[TUHS] AT&T 3B1 - Emulation available

Clem Cole clemc at ccc.com
Sat Jan 30 00:37:19 AEST 2021

On Fri, Jan 29, 2021 at 9:00 AM Ronald Natalie <ron at ronnatalie.com> wrote:

> Of course, this was in contrast with the 3B20 which you powered off by
> turning a knob and then holding a button down for three seconds.   Yep,
> phone equipment.   Those who ever dealt with things like real Western
> Electric 303 "broadband" modems recognized that behavior.  You commanded
> loopback on them the same way.
Ron, pls don't forget the best 3B20 power-up feature, the pull starter in
the middle (power) cabinet.  Seriously there was a cable that pulled out of
the middle power box (that looked like a small engine pull starter) that
used to by-pass the batteries on a true cold boot because if it was not
there the battery power up would surge the incoming load and trip the mains.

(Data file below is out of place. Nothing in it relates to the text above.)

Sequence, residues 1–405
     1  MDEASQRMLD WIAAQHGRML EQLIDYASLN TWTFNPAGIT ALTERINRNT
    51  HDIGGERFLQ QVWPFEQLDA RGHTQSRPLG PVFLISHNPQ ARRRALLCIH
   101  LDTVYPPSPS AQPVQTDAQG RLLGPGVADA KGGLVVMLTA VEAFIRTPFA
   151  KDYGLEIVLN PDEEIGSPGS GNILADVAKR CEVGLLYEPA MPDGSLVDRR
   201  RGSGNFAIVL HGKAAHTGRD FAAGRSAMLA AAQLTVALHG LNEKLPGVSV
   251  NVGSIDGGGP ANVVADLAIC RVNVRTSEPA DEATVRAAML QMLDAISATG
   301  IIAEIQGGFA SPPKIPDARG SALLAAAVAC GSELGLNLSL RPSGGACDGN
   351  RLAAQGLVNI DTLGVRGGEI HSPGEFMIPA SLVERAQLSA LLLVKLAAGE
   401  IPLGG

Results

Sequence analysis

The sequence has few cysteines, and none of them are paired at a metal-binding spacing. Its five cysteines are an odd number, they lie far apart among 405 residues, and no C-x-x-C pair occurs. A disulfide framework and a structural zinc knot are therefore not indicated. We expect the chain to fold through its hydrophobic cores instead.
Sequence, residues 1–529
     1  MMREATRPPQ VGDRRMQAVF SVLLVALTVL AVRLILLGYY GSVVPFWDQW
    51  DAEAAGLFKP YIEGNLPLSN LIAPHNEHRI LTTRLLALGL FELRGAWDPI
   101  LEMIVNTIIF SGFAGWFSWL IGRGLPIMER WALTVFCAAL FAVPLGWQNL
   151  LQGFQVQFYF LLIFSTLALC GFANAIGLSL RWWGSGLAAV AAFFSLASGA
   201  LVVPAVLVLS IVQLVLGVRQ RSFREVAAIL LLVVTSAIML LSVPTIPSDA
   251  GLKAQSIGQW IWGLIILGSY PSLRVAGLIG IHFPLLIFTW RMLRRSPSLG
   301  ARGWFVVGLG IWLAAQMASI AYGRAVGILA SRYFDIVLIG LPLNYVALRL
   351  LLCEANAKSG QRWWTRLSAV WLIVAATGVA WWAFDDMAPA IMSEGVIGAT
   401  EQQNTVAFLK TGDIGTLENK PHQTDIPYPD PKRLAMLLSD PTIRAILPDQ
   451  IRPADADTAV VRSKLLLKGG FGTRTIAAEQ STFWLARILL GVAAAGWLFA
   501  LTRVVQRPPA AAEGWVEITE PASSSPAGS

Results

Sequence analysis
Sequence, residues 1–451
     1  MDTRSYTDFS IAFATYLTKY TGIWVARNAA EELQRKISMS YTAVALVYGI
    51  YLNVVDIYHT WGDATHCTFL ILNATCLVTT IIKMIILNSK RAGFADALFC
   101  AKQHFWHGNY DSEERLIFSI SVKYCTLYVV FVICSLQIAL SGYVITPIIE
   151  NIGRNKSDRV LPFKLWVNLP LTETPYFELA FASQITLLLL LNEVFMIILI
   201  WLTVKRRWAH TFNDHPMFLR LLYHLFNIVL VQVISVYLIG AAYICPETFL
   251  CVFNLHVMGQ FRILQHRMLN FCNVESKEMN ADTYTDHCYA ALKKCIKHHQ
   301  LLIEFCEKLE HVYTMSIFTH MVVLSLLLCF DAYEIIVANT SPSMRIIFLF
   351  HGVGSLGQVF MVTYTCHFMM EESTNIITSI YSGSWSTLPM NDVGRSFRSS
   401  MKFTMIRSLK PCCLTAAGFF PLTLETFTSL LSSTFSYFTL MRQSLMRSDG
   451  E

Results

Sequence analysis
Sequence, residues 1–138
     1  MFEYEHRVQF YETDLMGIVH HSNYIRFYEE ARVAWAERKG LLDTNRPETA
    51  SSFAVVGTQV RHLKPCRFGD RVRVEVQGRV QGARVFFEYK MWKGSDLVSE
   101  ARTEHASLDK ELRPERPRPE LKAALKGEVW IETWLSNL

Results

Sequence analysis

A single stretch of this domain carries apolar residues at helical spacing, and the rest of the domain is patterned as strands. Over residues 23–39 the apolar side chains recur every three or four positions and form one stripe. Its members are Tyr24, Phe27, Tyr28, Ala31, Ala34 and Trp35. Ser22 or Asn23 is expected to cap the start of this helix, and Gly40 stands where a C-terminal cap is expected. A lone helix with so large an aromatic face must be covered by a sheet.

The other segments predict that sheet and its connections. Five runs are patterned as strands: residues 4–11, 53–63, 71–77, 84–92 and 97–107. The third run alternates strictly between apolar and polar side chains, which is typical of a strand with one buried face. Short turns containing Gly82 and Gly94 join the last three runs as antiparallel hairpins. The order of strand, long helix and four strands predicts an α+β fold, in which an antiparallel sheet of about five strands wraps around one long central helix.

IIRC the off button Ron describes does not completely power it off, it
just shuts it down and you can take out cards safely, but the batteries and
some subsystems are still active. True 'cold' power down is extremely
difficult.   It is designed to stay powered.

As he said -- standard telco gear, 48V supplies, rack of truck batteries,

BTW: In the same vein, I once had a movie we all called the 'burning Alpha'
when the 'telco special packaged' DEC 4300 from DEC CSS went through its
fire testing in NJ.   All equipment that was going to be in a CO or wiring
center has to be tested to see how it burns in a fire (plastic/nylon parts
in a computer rack can be nasty - and there are very tight specs).   As I
understand the spec, all flames have to stay inside the cabinets.

One of the cute parts of the video is a sidebar, which is displaying the
syslog messages during the fire.  There was a desire, but I don't know if
it was ever acted upon, to match the syslog messages to different
activities in the fire.   During the time when it is burning, there is a
timer in the corner so they can note afterward at exactly which time,
different things were incinerated.
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